The 2024 storm season has started with a bang, meaning more work for roofing contractors but advancing an unsettling trend of storms becoming more severe and destructive.

A chain of severe storms blasted multiple states across the nation from the last week of April through the beginning of May. Dozens of tornadoes caused extensive damage in the middle of the country starting April 26, wrecking cities and towns in states like Nebraska and Iowa.

Nearly 100 reports of severe weather were reported on May 2, most of which occurred in Texas. On May 3, the National Oceanic and Atmospheric Administration predicted large hail and damaging gusts for parts of the central and southern Great Plains, from south Nebraska to west Texas. The predictions included the potential for tornadoes in west Texas.

Some areas were already reeling from back-to-back tornado outbreaks, including portions of Nebraska, Iowa and Oklahoma. Since May 2, 106 tornadoes have been reported over the central states. Even as recently as May 8, southern Michigan experienced an EF2 tornado, tearing open homes and businesses along an 11-mile path.

Oklahoma saw a powerful and dangerous tornado on April 31 that didn’t spin in the normal direction, which The Weather Channel said happens with only 1% of tornadoes. Another tornado that same day looped backward and re-crossed its previous path. Thankfully, both twisters were over sparsely populated areas, and no injuries or deaths were reported. 

Regardless, it is evidence of the growing severity of supercell storms. The Intergovernmental Panel on Climate Change’s Sixth Assessment Report, released in 2021, shows that human-caused rises in greenhouse gases have increased the frequency and intensity of extreme weather events.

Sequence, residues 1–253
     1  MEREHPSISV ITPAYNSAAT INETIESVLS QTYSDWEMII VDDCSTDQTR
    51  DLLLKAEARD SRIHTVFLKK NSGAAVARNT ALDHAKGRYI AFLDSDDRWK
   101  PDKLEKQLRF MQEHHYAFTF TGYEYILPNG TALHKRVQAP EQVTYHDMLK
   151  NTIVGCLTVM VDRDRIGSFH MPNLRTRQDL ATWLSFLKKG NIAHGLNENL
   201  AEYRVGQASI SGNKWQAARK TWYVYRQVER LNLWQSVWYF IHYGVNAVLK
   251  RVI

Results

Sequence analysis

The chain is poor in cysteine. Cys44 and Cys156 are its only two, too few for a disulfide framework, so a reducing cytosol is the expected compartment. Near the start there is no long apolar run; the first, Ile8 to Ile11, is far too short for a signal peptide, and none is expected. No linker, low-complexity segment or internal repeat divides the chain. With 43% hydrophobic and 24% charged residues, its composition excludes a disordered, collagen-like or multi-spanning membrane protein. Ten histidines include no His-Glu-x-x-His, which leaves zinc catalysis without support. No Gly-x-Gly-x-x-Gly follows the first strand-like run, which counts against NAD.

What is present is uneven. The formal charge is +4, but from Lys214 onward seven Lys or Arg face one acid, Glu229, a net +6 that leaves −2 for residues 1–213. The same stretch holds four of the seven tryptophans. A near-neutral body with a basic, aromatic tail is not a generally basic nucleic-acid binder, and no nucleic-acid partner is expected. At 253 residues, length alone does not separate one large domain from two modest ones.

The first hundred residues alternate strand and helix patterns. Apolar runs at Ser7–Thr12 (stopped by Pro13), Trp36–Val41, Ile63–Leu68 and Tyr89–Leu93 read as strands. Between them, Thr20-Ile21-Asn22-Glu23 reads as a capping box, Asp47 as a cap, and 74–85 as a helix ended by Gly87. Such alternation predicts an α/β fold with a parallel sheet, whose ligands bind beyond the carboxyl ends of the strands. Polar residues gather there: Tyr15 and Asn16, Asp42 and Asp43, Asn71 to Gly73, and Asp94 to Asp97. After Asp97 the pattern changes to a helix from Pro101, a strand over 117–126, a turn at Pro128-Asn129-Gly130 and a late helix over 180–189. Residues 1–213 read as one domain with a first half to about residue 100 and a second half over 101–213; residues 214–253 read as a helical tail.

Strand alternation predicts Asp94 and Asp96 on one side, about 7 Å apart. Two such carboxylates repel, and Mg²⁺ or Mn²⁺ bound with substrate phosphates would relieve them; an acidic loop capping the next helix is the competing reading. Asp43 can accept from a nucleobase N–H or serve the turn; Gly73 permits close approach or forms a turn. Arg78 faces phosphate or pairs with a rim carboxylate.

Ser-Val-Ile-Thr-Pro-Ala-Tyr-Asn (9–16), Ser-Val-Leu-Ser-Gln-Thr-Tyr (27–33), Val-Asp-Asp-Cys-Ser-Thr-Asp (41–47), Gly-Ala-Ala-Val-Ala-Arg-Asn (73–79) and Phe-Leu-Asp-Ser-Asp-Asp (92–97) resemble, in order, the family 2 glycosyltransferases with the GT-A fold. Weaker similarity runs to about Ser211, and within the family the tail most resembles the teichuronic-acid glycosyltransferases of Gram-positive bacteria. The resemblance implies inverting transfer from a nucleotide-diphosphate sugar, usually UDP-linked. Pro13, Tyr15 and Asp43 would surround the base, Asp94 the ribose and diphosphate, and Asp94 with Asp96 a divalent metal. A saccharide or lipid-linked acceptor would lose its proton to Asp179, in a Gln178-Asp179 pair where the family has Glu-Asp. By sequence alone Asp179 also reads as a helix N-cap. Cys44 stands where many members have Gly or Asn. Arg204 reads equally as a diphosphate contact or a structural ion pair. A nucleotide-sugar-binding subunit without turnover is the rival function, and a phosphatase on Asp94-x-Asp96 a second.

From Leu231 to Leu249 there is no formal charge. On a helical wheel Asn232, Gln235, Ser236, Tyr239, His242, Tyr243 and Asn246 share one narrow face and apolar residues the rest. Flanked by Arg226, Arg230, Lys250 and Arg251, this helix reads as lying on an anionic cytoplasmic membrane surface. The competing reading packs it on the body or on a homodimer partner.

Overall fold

“We saw for almost a decade the same cities, the same areas got hit pretty consistently, and in the last three years, we’ve seen a major shift in storm tracks, so we’re seeing different population areas getting hit and part of the state that haven’t been hit before,” said Zach Simmons, vice president at Stronghold Roofing in Oklahoma City. “The new set of customers we’re being introduced to don’t have that experience, or that experience has been from 20 years ago.”

On April 28, tornadoes killed four people in Oklahoma and left thousands without power. The severe weather utterly destroyed buildings and injured at least 100 people throughout the state. The town of Sulphur was hit harder than most, shredding roofs from homes, tossing cars and busses and obliterating downtown buildings.

Simmons said his company takes a different approach to storms, inviting customers to reach out rather than using door-to-door tactics following storms, which has helped set them apart from other contractors.

“A lot of the stuff we’re pushing out prior to these storms is education and storm preparation, dealing with insurance processes, how you stay protected against no-so-great contractors — those that aren’t likened or insured,” he said.

Some contractors, like Tarrant Roofing in the Dallas/Fort Worth area, say they’re experiencing spottier storm coverage. Even with more storms, roofing contractors like Tarrant Roofing have been stepping up their game for customers.

“We like hail, but hail has to be significant enough to do damage. Shingles these days, they build them to last several years, so we are seeing some damage, but I wouldn’t say we’re seeing significant [damage] in all areas,” said D’Sha Jones, marketing manager for Tarrant Roofing. “We educate our people; that’s very important to us, to make sure that we’re putting on quality materials.”

Storm-related insurance claims continue to be a hot-button issue. Ridgeline Roofing, located in Ashland, Ky., has responded to storm calls since early April, when heavy winds and rains battered the city on April 2. The company took to social media urging people affected by the storms to think twice about getting insurance to cover roof damage unrelated to storms.

“For those of you out there who are trying to do this - from the absolute bottom of our hearts: do not call us,” the company said. “Before you pick up that phone and call or message ANY reputable, trusted local contractor and you're considering trying to defraud your insurance company, have a heart and think about the people you're delaying from getting actual help.”